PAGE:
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The Gifting Paradox
Do you like the idea of making a positive difference to others while also saving tax?
Here we share a few ideas about making tax efficient gifts to causes you care passionately about through charitable giving.
Successive Governments have sought to encourage giving to charity. We might even go as far as to say that it is one of the few areas of common ground between all the otherwise quarrelsome political parties. What’s more, it is arguably an area where financial planning can be done for the long term with confidence.
You may be wondering about the broader picture: how generous are we as a nation? It has been estimated that, last year, the British people gave £10.1 billion to charity. Amongst the most popular causes were medical research and hospitals, children and young people, the homeless, faith groups and animal charities (source: Charities Aid Foundation, ‘UK Giving 2019’). The amount that the British donate, in terms of money as well as time volunteering, places us sixth in the Countries of the World Giving Index (source: ibid). We are indeed a kind and generous nation willing and able to help those who are in need.
However, not everyone is acquainted with the different ways to provide money to charities.
For large-scale giving there is the possibility of setting up your very own charitable trust which could potentially last forever. You could be a trustee during your lifetime to keep control over how the funds are distributed. If you are keen to support local causes, but not sure how to go about it, try your local community foundation. These foundations can help you to support local causes, keep them accountable, and make the whole process much easier all round. To save you time, you may be able to set up your own charitable fund, with the foundation doing the ongoing paperwork.
While we are all familiar, or maybe too familiar, with tins rattling in the local High Street, this is not a tax efficient way to give. So, what are the alternatives?
Gift Aid… make your money work harder
Gift Aid is perhaps the best-known way to give tax efficiently. We are often asked to fill in a gift aid declaration. The idea is that the charity reclaims tax relief at basic rate. This increases your gift by 25% at no additional cost to you. If you pay tax at above the basic rate, you can claim tax relief on the excess through your own tax return. It may seem like a small gesture, but it does make a real difference to the charities.
Give as you Earn… save Income Tax and time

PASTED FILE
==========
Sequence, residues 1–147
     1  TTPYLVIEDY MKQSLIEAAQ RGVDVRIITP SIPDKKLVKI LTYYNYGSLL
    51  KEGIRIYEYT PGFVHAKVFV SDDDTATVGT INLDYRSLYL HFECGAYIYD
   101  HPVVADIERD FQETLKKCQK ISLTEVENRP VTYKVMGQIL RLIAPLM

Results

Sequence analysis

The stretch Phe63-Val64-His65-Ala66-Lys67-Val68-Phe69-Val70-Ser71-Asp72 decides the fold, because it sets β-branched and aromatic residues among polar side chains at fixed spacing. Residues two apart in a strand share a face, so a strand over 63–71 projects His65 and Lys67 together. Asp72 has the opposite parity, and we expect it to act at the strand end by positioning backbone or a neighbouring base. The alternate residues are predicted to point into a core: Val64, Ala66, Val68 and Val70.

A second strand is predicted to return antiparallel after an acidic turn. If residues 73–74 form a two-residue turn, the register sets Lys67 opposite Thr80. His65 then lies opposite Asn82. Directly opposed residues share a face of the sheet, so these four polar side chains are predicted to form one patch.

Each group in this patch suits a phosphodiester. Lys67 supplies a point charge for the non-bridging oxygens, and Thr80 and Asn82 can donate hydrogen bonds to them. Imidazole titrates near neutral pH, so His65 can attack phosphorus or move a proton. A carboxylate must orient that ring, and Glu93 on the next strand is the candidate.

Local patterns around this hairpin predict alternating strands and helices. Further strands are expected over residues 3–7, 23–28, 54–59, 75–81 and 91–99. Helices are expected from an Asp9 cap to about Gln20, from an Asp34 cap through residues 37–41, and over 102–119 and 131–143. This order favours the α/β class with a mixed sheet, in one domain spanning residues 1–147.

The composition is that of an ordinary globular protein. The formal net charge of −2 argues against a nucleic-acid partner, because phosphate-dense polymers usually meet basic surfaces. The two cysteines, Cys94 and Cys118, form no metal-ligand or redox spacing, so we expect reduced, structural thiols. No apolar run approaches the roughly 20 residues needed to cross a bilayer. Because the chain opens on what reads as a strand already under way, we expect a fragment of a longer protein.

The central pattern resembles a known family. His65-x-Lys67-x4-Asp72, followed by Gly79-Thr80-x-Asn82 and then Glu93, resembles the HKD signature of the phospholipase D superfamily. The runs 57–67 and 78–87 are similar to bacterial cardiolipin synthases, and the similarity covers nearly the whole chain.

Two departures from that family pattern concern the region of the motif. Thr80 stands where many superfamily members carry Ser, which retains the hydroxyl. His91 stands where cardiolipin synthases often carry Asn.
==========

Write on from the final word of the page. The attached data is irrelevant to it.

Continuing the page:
If you are working, your employer might offer a Give as You Earn scheme, where the value of regular donations is deducted from your gross salary. For example, if you are a higher rate taxpayer, every £100 donation costs you only £60 (£59 in Scotland).
Give shares… save CGT and Income Tax
Less well known is how giving investments can make a gift even more tax efficient. Do you have shares that would incur capital gains tax (CGT) if sold? If so, you might like to consider gifting some to your favourite charity rather than giving them a cash donation. Many charities will accept a transfer of shares and, if done in the right way, you can avoid the CGT that might otherwise be payable.
You should also be able to obtain an Income Tax saving by deducting the value of the shares gifted from your total income. Again, using our example of a higher rate taxpayer, a £10,000 gift of shares could save £4,000 in income tax (£100 more in Scotland).
So, if you are considering how best to finance a charitable gift, we suggest contacting your planner first to discuss your options.
Any gift to a registered charity is immediately free of Inheritance Tax (IHT). We can therefore see that gifting can save Income Tax, CGT and IHT. Also, most importantly, you benefit your favourite causes. Not a bad deal is it?
Give via Your Will and save IHT
Legacies to charities in Wills are very common although often for relatively small amounts such as £1,000 to the local parish church. A charitable legacy is usually IHT free.
It gets even better the more you give. If you leave more than 10% of your net estate to charities, the overall IHT rate can be reduced from 40% to only 36%. While the maths can get a bit complex, it is possible for money that would otherwise go to the taxman to be redirected to your favourite causes, leaving your loved ones no worse off. Worth thinking about revising your Will?
How regular cash flow planning can help decide how much to give
You might really like the idea of giving to charity, or giving more, although unsure what you can afford to give. This is where cash flow planning can help. There’s another article in this edition of Finance Matters which explains how this works.
The Bottom Line
The UK now has an incredibly positive tax environment for charitable giving as well as some amazing charities that do meaningful and effective work. Charitable giving almost seems to be a contradiction. Doing good for others and also saving tax. Yes, it really is possible!